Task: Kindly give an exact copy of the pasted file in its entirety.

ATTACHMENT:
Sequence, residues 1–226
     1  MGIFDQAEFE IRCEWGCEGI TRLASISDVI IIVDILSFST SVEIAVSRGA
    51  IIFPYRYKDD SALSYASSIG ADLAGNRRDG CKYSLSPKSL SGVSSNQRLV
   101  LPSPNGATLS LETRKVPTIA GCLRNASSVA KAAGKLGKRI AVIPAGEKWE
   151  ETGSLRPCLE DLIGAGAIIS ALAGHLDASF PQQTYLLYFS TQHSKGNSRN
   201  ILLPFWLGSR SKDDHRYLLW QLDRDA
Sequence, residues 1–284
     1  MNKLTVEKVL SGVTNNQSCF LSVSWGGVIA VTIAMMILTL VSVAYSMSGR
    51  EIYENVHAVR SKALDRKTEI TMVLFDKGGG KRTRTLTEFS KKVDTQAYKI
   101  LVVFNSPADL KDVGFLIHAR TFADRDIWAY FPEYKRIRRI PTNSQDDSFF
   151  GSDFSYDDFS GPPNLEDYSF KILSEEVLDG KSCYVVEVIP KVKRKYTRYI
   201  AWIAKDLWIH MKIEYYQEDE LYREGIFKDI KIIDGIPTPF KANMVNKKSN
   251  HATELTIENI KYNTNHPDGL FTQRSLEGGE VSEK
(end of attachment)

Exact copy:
Sequence, residues 1–226
     1  MGIFDQAEFE IRCEWGCEGI TRLASISDVI IIVDILSFST SVEIAVSRGA
    51  IIFPYRYKDD SALSYASSIG ADLAGNRRDG CKYSLSPKSL SGVSSNQRLV
   101  LPSPNGATLS LETRKVPTIA GCLRNASSVA KAAGKLGKRI AVIPAGEKWE
   151  ETGSLRPCLE DLIGAGAIIS ALAGHLDASF PQQTYLLYFS TQHSKGNSRN
   201  ILLPFWLGSR SKDDHRYLLW QLDRDA
Sequence, residues 1–284
     1  MNKLTVEKVL SGVTNNQSCF LSVSWGGVIA VTIAMMILTL VSVAYSMSGR
    51  EIYENVHAVR SKALDRKTEI TMVLFDKGGG KRTRTLTEFS KKVDTQAYKI
   101  LVVFNSPADL KDVGFLIHAR TFADRDIWAY FPEYKRIRRI PTNSQDDSFF
   151  GSDFSYDDFS GPPNLEDYSF KILSEEVLDG KSCYVVEVIP KVKRKYTRYI
   201  AWIAKDLWIH MKIEYYQEDE LYREGIFKDI KIIDGIPTPF KANMVNKKSN
   251  HATELTIENI KYNTNHPDGL FTQRSLEGGE VSEK